Leukocytes in the urine cause different symptoms for different people, but there are a few symptoms or signs that suggest leukocytes may be present in the urine.
One of the most visible signs is cloudy or foul-smelling urine. Other signs include frequent urination, a pain or burning sensation when passing urine, or the presence of blood in the urine.
Other symptoms include:
- shivering and fever
- lower back and side pain
- acute pelvic pain
- nausea or vomiting
- long-term pelvic pain
- painful sex
People who notice any of the above symptoms should contact their doctor for further examination.
A urine analysis (urinalysis) is used to screen the urine for abnormalities and may be enough to detect any problems.
People who suspect leukocytes in the urine provide a urine sample that their doctor can analyze in three ways: Visual exam, dipstick test, and microscopic exam.
A dipstick test will detect any unusual substances in the urine.
- Visual exam: Technicians examine the appearance of the urine. Cloudiness or an unusual odor may signal an infection or another potential problem. The food that a person eats can also affect urine color.
- Dipstick test: A thin, plastic stick with strips of chemicals is placed in the urine to detect any abnormalities. The chemicals on the strip will change color to indicate if certain substances are present.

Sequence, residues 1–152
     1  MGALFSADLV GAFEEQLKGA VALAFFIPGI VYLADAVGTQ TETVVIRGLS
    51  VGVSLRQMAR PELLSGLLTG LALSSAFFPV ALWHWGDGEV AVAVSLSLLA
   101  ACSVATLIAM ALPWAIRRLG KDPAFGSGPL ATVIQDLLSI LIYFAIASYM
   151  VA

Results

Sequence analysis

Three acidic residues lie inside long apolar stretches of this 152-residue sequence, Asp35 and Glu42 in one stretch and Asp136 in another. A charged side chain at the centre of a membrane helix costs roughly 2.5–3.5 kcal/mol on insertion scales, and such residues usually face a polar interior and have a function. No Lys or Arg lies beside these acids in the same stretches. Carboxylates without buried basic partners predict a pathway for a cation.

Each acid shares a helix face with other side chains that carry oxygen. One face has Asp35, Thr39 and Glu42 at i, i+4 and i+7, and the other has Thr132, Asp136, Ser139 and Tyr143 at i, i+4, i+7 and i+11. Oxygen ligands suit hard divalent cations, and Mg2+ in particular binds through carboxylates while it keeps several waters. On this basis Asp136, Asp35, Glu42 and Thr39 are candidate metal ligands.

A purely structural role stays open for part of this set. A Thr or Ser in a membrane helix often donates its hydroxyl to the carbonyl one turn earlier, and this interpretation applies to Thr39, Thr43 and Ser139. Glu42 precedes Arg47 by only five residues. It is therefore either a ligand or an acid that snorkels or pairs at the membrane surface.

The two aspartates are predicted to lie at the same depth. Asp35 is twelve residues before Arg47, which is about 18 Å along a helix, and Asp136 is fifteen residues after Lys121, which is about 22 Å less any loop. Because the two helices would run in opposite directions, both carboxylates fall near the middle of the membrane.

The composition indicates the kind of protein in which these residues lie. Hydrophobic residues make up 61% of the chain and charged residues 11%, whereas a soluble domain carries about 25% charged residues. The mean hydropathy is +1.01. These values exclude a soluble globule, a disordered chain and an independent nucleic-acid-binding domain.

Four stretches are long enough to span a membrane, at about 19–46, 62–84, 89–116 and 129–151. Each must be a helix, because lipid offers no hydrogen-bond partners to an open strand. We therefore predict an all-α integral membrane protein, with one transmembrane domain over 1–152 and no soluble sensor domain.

- Microscopic exam: Drops of urine are examined under a microscope. The presence of leukocytes might be a sign of infection.
Urinalysis is the first stage of testing.
If blood or other substances are present in the urine, the physician may perform more tests to identify the cause of the problem.
The problem may be any of the conditions listed above or a more serious noninfectious illness, such as a blood disorder, autoimmune disease, or cancer. The doctor will order additional tests as needed.
It is possible to have white blood cells in the urine without a bacterial infection. Sterile pyuria refers to the persistent presence of white blood cells in the urine when no bacteria are found to be present by laboratory examination.
According to The New England Journal of Medicine, 13.9 percent of women and 2.6 percent of men are affected by this condition. Certain sexually transmitted diseases, viral or fungal infections, or even tuberculosis can cause sterile pyuria.
A correct diagnosis is vital for identifying a path of treatment.
Treatment for leukocytes in the urine depends on the cause and if there is an infection. For some conditions, such as a bacterial UTI, antibiotic therapy will clear up the infection relatively quickly.
For more severe infections or those that will not resolve easily, more in-depth medical treatment may be needed. In some cases, hospitalization may be necessary.
Lifestyle changes can help reduce the symptoms of some conditions that cause leukocytes to enter the urine.
- drinking more water
- urinating when you have to go
- staying as healthy as you can
Taking acetaminophen, ibuprofen, or prescription drugs may also help to ease pain in the urinary system.